Last updated Feb 26 2020

Eye-tracking: a definition

What is eye-tracking?

Eye-tracking technology helps observe and measure eye movements, pupil dilation, point of gaze, and blinking to see where subjects of a study focus their visual attention, what they engage with, and what they ignore.

Eye-tracking is used in a variety of research, for example marketing research and usability testing studies, to help researchers understand which elements of a webpage or an advertisement draw people’s attention. Armed with this information, companies can then design more usable websites and craft more effective advertising.

How does eye-tracking research work?

Eye-tracking research can be done in a few different ways. Studies can be conducted:

  • with screen-based eye-tracking devices that attach to a monitor
  • by having subjects wear eye-tracking glasses
  • by using eye tracker webcams.

The type of technology used in any particular study depends on what type of research is being done. For example, brick and mortar businesses may conduct eye-tracking market research with the use of eye-tracking glasses or headsets, so they can learn what subjects are looking at in a real-world situation. Ecommerce store owners may find it more useful to implement a screen-based tracker or webcam that will reveal what research subjects look at when browsing through a site.

As with any behavioral study, it’s important to establish which questions you want to have answered before you begin. If you’re conducting an eye-tracking study on your ecommerce site, the questions you are likely to want answered include:

Eye-tracking software is used to gather data from the study to give you the information you need. Once the results are in, you can use what you’ve learned to improve customer and user experience on your site.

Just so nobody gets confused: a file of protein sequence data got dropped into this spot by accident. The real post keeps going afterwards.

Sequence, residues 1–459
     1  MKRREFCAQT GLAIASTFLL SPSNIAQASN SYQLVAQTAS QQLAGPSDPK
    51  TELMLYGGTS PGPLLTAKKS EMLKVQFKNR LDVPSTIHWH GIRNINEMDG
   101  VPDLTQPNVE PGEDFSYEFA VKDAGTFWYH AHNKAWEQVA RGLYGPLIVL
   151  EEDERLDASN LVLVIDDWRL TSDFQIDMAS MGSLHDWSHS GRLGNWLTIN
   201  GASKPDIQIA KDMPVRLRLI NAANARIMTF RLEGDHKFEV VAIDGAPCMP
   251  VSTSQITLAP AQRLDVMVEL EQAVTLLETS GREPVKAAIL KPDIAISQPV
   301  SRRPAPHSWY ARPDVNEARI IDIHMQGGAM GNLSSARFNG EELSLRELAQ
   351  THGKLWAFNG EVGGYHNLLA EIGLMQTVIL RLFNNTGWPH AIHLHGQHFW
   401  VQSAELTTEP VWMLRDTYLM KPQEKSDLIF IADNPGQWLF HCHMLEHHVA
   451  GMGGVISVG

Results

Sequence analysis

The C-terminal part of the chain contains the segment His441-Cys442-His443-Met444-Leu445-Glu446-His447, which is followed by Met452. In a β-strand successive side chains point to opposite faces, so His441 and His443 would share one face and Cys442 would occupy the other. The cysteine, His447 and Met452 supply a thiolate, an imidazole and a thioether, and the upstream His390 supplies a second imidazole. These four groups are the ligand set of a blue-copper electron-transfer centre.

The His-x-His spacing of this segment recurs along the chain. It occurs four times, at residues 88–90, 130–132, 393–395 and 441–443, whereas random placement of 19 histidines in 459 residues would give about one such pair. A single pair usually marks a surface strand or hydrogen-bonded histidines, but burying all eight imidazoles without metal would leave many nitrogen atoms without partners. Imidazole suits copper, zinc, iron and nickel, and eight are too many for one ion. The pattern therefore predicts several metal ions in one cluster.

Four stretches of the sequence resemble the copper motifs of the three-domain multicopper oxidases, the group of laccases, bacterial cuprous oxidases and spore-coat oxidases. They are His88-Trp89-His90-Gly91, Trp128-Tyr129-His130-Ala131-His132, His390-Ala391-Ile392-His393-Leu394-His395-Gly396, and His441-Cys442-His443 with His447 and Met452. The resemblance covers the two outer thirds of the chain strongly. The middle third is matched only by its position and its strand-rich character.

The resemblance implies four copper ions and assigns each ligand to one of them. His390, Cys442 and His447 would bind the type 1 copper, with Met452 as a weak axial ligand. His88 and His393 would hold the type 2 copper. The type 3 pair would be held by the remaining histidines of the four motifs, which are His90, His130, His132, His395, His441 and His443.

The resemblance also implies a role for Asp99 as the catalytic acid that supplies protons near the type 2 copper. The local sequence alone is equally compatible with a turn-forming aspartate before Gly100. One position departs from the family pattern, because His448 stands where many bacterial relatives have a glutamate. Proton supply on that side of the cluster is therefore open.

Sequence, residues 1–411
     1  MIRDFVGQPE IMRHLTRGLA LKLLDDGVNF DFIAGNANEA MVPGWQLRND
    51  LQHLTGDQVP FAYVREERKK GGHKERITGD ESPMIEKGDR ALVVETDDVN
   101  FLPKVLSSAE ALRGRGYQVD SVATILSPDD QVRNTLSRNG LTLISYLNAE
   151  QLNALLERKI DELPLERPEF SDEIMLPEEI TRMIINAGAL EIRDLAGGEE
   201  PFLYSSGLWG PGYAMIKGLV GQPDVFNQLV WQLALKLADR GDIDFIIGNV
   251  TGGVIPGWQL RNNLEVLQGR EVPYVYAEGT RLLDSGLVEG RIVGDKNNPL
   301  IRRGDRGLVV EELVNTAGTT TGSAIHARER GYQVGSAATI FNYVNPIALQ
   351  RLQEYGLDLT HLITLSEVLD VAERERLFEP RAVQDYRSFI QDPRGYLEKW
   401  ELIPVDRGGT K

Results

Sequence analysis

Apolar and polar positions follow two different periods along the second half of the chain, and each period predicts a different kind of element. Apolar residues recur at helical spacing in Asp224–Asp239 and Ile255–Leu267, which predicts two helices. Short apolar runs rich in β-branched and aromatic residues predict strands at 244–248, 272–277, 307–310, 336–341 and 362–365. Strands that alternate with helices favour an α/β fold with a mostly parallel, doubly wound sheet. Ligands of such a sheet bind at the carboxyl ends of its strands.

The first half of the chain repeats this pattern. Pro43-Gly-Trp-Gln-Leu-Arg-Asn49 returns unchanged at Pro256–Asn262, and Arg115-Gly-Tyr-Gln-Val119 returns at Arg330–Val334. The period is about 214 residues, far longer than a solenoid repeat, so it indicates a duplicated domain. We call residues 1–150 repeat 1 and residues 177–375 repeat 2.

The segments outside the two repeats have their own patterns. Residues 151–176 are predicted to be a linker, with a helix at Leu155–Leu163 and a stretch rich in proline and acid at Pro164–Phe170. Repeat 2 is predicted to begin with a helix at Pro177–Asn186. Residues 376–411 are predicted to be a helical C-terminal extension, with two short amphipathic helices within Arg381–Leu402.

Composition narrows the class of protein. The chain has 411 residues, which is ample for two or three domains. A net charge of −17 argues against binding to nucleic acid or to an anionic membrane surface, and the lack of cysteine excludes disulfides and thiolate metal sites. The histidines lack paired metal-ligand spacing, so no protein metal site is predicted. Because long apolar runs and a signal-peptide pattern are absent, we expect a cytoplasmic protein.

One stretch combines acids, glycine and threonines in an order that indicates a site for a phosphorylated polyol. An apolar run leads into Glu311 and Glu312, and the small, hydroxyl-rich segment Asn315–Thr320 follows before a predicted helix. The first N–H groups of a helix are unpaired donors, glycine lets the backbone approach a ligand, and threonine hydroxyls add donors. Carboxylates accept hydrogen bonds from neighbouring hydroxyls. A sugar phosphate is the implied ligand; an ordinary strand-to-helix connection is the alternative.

Why is eye-tracking important?

Eye-tracking can provide valuable insight about visitor/customer preferences that surveys or other research methods can’t always uncover. For example, while on-site surveys can be effective at highlighting what visitors consciously focus on—and what consciously impacts them—they won’t pick up the many things that are occurring below the subject’s conscious awareness.

Our eyes follow what interests us: our pupils dilate when we’re intrigued by something or when we’re having an intense emotional response to what’s in front of us. When researchers observe these patterns across test subjects, they can better predict how the audience will react as a whole. In turn, when applied to UX and usability, this insight allows companies to create websites that are more usable and content that is more likely to attract attention and convert.

Spotting patterns in attention

Take a look at this popular meme:

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The vast majority of people will read the text in the exact order the meme predicts, while a few odd ones will deviate.

Now, if you saw an ad with text structured like this, you might not consciously remember the order in which you read the copy—but eye-tracking would pick it up and researchers would be able to spot the pattern. Once they see the same pattern play itself out over many test subjects, they can determine how most people will respond—and design their webpages accordingly.